Uniting against Asian hate

Since the start of the COVID-19 pandemic, which began in Wuhan, China, hate crimes against Asian Americans and Pacific Islanders have risen to new heights.
A recent study by the Center for the Study of Hate and Extremism at Cal State San Bernardino reported that from 2019 to 2020, hate crimes against Asian Americans rose by 149 percent nationwide. According to the group Stop AAPI Hate, roughly 500 incidents across the U.S. took place in January and February of this year alone.
To show solidarity among residents and raise awareness on the topic, Diamond Bar resident Ronda Hampton organized a protest on Grand Avenue and Diamond Bar Boulevard. The event later made headlines upon being interrupted by a man who drove through the crowd while yelling racist obscenities, almost hitting a few protestors.
“The hate is really concerning,” sophomore Kaitlin Chow said via Instagram. “That video of a man almost running over an anti-Asian [hate] protester [while] saying slurs shows that even our sheltered Diamond Bar isn’t really safe from racism anymore.”
Chow said that she initially thought living in a predominantly Asian community would protect her from any racist incidents, but recent news events have made her and her family more cautious about safety.
“If we do need to go to public places, our main priority is to just stay in places we deem safest and hope we can get in and get out,” Chow said.
In response to the attacks against the AAPI community, protests like the one in Diamond Bar have surfaced to show support and raise awareness. Businesses and well-known public figures like rapper Megan Thee Stallion have also taken to social media to condemn recent events or promote fundraisers dedicated to assisting victims of the hate crimes.
Sophomores Jocelyn Wang and Olivia James both attended such protests in Diamond Bar. The students said they enjoyed the atmosphere of unity and felt encouraged by how various minority communities came together to support one another.
“I’ve attended two protests thus far,” James said via Instagram. “The energy is so amazing [and] everyone is there in solidarity with a purpose and a voice.”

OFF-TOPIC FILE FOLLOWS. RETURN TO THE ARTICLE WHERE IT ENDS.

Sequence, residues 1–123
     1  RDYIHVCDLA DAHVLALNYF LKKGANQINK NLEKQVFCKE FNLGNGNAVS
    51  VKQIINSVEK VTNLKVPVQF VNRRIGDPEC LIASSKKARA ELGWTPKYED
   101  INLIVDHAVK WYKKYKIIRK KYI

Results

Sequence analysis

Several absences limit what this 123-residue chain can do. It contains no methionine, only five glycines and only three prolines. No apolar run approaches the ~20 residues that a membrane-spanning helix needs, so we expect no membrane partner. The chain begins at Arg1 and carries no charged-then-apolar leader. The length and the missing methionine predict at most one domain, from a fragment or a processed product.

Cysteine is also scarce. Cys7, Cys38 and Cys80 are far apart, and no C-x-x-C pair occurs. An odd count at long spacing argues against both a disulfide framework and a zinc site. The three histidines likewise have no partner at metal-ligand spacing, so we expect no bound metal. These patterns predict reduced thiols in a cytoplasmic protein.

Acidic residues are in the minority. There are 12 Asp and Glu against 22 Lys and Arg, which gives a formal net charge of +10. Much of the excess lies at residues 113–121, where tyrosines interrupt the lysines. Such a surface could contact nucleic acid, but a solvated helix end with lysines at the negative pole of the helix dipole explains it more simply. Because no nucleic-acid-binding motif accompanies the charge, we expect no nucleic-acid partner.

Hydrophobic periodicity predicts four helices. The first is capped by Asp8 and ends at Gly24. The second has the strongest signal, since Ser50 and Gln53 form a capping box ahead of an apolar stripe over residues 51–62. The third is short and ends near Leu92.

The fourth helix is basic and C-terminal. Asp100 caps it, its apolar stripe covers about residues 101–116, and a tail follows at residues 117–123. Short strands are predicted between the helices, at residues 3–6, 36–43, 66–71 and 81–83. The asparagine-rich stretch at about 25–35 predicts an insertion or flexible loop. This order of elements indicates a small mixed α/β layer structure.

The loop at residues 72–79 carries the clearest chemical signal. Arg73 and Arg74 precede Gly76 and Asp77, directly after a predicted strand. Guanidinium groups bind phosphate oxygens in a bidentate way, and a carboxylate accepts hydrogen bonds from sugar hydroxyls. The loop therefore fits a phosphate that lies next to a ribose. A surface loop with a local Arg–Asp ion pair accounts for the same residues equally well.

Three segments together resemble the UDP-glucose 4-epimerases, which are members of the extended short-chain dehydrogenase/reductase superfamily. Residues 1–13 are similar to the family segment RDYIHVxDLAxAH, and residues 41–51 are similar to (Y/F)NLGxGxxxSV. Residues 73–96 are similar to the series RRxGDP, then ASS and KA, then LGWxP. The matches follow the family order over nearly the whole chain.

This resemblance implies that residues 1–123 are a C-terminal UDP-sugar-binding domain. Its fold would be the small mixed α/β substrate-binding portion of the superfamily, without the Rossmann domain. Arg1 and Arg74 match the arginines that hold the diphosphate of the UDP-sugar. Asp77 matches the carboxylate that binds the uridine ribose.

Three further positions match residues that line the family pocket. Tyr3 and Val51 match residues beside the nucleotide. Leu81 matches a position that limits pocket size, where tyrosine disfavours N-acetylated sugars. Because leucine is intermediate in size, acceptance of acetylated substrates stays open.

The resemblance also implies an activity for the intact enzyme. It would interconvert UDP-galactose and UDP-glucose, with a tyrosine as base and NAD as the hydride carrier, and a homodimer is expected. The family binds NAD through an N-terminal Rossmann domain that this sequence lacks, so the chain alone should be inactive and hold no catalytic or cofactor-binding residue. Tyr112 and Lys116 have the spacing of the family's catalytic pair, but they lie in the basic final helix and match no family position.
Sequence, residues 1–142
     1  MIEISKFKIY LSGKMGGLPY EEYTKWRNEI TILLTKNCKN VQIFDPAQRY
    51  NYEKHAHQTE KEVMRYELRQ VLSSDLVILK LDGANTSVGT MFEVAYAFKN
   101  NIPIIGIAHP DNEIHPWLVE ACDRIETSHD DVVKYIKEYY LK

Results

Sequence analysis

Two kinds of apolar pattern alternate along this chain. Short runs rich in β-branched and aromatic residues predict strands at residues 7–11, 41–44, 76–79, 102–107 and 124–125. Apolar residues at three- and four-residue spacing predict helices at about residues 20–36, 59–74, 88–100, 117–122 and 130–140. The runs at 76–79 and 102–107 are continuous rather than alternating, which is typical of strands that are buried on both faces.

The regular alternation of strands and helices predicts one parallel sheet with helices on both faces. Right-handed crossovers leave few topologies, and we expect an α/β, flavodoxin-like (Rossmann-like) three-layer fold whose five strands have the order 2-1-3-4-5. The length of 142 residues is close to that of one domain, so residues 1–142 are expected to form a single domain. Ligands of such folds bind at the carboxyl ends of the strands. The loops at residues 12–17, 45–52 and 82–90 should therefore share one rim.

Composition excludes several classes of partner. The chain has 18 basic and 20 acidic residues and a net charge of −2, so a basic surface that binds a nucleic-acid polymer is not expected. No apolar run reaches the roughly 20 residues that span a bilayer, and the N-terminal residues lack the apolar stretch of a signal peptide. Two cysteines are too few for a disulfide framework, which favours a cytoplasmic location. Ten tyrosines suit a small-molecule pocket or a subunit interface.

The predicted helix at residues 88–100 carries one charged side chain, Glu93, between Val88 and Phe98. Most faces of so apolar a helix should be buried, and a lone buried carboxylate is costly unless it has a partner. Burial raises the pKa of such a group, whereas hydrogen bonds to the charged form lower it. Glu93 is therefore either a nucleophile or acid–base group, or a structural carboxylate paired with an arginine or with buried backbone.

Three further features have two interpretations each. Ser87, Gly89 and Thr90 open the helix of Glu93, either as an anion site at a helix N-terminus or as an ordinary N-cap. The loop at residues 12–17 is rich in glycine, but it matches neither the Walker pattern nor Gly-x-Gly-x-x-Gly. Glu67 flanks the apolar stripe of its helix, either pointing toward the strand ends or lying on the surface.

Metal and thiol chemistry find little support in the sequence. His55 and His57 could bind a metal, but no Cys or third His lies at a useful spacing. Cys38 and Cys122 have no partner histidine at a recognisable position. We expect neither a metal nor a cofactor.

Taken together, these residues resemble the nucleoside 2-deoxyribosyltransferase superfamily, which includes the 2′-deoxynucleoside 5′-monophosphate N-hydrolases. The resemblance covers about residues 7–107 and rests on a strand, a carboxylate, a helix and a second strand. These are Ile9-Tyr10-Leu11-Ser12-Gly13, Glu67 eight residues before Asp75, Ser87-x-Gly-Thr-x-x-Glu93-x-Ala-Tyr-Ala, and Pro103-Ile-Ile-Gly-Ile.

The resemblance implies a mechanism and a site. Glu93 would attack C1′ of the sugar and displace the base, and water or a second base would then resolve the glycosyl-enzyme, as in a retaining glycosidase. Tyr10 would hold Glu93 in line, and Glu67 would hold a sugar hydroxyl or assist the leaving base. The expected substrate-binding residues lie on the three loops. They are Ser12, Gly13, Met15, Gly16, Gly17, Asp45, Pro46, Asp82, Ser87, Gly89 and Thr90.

Freshman Justin Kung said that he appreciates how many people are standing up for those of Asian and Pacific Islander descent.
“I feel that most of the public have been relatively supportive of the fight against AAPI hate,” he said via Instagram. “The authorities are [also] doing a good job at handling the increase in anti-Asian hate crimes, although more can be done in preventing these attacks.”
Media attention regarding the movement and authority response to the hate crimes increased massively following a shooting in Atlanta where eight people were fatally wounded, six of whom were Asian women.
“The way the authorities have handled these hate crimes is sadly nothing new,” James said. “It’s disappointing how many double standards our police force hold and how many times they look away when minorities are being attacked.”
The ways news outlets have covered the hate crimes has been the subject of controversy as well. Some publications do not explicitly refer to these incidents as hate crimes or acknowledge these attacks are racially motivated.
“I feel like it’s silencing us Asians when the attacks aren’t called hate crimes,” Wang said via Instagram. “It’s like saying our people dying doesn’t matter.”
Other disputes have also been sparked by comparisons between the anti-Asian hate movement and the Black Lives Matter movement, usually about the amount of support each movement has received.
“The two movements aren’t comparable,” Wang said. “Both Black and Asian people are getting oppressed but saying one group matters more while people on both sides are being oppressed is not the step we have to take to tackle racism within these communities.”
New plans are being introduced to help combat the recent violence against the AAPI community. On March 30, the White House released a fact sheet detailing President Joe Biden’s goals to help aid the AAPI community, including the establishment of a COVID-19 Equity Task Force. This intiative is dedicated to reducing xenophobia against Asian Americans and providing grants for AAPI survivors of domestic violence and sexual assault.